The next few weeks may determine the future of Zionism. This is not an exaggeration. If the upcoming Annapolis peace conference ends the same way as the Camp David summit of 2000, the future of the Jewish state will be in jeopardy.
The Israeli people can deal with another deadlock in the endless “peace process.” Indeed, Israel can exist without peace for many years. We have one of the strongest armies in the world, and our economy proved its resilience during the war with Hezbollah. The question is: Will Israel be the Jewish, democratic and moral state at peace with its neighbors that our Zionist ancestors envisioned? Or will the ongoing occupation, and the unavoidable violations of human rights that are an inevitable part of controlling another people, turn Israel into an international pariah?
Fortunately, a clear majority among the Israeli public, as well as in the Knesset, has come to terms with the need to make the hard choice between a big-and-ugly and a small-but-beautiful Jewish state. Even once hard-core Likudniks, such as Prime Minister Ehud Olmert and Foreign Minister Tzipi Livni, have realized that the two-state solution is the only way to stop the march of folly toward either an apartheid state or a bi-national state in which Jews are the minority.
Of course, for a two-state solution, as for a tango, you need a partner that is ready to follow the necessary steps. President Mahmoud Abbas and his team have made it clear that they are willing to dance in Annapolis. In fact, they have placed their credibility on the line. There is no guarantee that they would survive a failure at this juncture. If Abbas returns home empty-handed, then the remnants of the Palestinian peace camp may disappear. Hamas, Iran and Al Qaeda are waiting to fill the void. Without a Palestinian partner, the vision of a democratic Jewish state secure in internationally recognized borders would become a fleeting dream.
It is essential that both parties recognize that this is a critical moment. But that alone is not sufficient.
This is one of those instances in which the process is doomed to fail without an honest and active broker. The Camp David summit between Menachem Begin and Anwar Sadat yielded a land-for-peace treaty between Israel and Egypt because President Jimmy Carter decided to get deeply involved in the negotiations. The Israeli people knew that the United States was fully committed to the agreement and was willing to back it up with the necessary political and military support.
American Jews can make a powerful contribution to helping diplomacy succeed. But doing so will require a break with the past.
We constantly hear that the Jewish community supports Israel — wherever its government stands. For more than 40 years, however, the community’s moral, political and financial power has been mostly occupied in building Israel’s strategic supremacy, and in containing any pressure from American administrations for Israel to change its policies in the territories.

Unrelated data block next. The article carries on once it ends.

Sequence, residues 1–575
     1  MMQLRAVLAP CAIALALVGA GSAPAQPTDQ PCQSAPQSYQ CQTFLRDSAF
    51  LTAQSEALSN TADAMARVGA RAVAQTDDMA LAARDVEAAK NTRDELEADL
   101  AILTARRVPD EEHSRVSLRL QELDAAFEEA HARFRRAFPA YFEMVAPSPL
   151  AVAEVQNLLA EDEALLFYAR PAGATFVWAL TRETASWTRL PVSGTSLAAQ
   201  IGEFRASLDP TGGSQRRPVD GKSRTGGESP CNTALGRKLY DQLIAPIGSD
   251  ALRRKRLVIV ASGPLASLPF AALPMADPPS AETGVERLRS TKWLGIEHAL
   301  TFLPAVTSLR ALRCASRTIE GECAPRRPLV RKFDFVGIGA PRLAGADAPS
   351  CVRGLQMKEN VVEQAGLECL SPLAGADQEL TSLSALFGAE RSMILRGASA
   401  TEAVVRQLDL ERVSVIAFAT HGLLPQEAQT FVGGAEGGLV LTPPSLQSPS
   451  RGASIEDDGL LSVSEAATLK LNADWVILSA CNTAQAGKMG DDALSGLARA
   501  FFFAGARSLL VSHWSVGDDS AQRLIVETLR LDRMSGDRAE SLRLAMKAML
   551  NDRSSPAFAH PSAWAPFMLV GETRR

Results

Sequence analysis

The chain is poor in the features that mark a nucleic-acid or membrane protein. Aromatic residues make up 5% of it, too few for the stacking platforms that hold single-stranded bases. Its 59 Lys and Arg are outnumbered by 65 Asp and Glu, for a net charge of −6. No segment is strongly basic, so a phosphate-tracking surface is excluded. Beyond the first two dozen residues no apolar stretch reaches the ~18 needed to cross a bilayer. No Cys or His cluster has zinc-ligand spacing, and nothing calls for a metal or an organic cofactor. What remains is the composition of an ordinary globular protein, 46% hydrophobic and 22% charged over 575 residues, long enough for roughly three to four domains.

In the early 1990s, Jewish activists were all over Washington, lobbying Congress to confront the first President Bush. Lawmakers from both sides of the aisle stood up to the president, who had the chutzpah to push Prime Minister Yitzhak Shamir to stop expanding settlements as the White House tried to organize a Mideast peace conference. Four years later, as President Clinton was bringing Yitzhak Rabin and Yasser Arafat together to douse the fires in the region, Aipac convinced Republican presidential candidate Bob Dole to introduce a bill demanding the American Embassy be moved to Jerusalem.
As we all know, the American Embassy still has not moved to Israel’s capital. It seems it’s much easier to lobby for empty bills than to call for an active American role in the peace process. It’s more popular to sign petitions against “dividing” Jerusalem (how can one re-divide a city that was never really reunited?) than to encourage Prime Minister Olmert to turn the phrase “City of Peace” from a cliché into a reality.
We Israelis who experienced the traumatic days of the eve of the Six Day War will never forget the great support we received at the time from our Jewish brothers and sisters in America. We will always remember the many young volunteers who lined up to get a seat on a flight to Israel.
Forty years later, Israeli flags fly in front of our embassies in Cairo and Jordan. Now, the other members of the Arab League are offering the prospect of opening their own embassies in Israel. Yes, in return for peace, Israel will have to give up the West Bank and Palestinian neighborhoods in East Jerusalem. In return, however, it will regain its Jewish, democratic and moral values.
As always, the final decision will be in the hands of the Israelis. But the American Jewish community has to decide whether it wants to be helpful in making peace or only in times of war.
Akiva Eldar is a senior columnist for Ha’aretz. He is the co-author of “Lords of the Land: The War for Israel’s Settlements in the Occupied Territories, 1967-2007” (Nation Books).